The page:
LEWISTON — They came in strollers. They came on skateboards. They came on bikes. Anything with wheels.
And at 1 p.m. on Saturday, they lined up and paraded through Kennedy Park to show that transportation doesn’t have to pollute.
Led by a handful of college students, the riders looped through the park, buffeted by a cool breeze under sunny skies.
The event was the brainchild of New England Climate Summer, a nonprofit group composed of college students who fanned out across New England states to spread the word about green transportation and to raise awareness of climate change.
New England Climate Summer is a summer internship program for college students interested in biking, community organizing, climate justice and a sustainable future. Climate Summer riders travel exclusively by bicycle in small teams across New England, spending about one week in a community before biking on to the next. While in each town, riders connect with community leaders who are actively addressing society’s addiction to fossil fuels by crafting local solutions that strengthen communities.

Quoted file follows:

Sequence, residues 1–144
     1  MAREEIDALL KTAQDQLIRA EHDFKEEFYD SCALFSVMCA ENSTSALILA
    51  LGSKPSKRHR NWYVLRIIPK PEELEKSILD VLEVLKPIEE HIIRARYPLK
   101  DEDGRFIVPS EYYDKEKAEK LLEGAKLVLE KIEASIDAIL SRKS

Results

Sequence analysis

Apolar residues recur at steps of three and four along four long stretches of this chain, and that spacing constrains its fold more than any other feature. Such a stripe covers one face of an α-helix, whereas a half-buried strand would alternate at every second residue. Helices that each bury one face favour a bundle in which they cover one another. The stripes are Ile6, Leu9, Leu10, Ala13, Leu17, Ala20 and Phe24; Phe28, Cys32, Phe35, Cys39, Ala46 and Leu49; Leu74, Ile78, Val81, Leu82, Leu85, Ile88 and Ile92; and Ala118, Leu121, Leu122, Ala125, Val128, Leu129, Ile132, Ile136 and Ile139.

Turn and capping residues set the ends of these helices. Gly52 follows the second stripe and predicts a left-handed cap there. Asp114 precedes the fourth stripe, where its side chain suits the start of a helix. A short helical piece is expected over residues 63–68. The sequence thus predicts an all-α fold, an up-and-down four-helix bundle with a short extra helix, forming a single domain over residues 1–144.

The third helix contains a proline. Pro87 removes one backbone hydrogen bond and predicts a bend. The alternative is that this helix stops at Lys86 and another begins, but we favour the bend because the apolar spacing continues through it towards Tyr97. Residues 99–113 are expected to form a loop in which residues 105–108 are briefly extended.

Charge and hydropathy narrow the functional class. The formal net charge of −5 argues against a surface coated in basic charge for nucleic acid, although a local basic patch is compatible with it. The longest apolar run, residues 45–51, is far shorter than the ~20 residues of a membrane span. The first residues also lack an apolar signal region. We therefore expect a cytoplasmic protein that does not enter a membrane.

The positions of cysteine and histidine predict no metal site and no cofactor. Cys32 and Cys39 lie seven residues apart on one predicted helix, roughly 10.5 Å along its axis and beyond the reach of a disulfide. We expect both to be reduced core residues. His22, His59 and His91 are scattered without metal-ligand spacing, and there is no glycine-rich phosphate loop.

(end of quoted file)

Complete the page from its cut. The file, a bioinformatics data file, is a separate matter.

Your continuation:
The Maine team spearheaded Saturday’s bike celebration in this city after hosting a similar event in Portland and, before that, in Biddeford.
On Sunday, the six Maine team riders plan to pedal to Augusta, where they expect to stay for a week, educating people about their mission, said Katie Herklotz of Blue Hill, the Maine team leader. Herklotz is entering her junior year at Eckerd College in St. Petersburg, Fla., where she is majoring in environmental studies. In all, the team will visit seven Maine communities, she said.
As they pedal their way through Maine over two months, the students sleep in churches and allow themselves $5 per day for meals, Herklotz said. Grants from other nonprofit groups help with expenses.
The group supplied the 17 children and as many adult riders with decorations for their bikes or other modes of transportation. Professionals from Roy’s Bike Shop talked to the kids about bike safety and gave tips on maintenance. After the parade, kids got help repairing flat tires and oiling rusty bike chains, Herklotz said.
The group also held an “Inherit the Earth” circle to hear from young people what kind of world they wanted.
“We want to get kids into biking to show them it’s a valid form of transportation and show them it’s fun, too,” she said.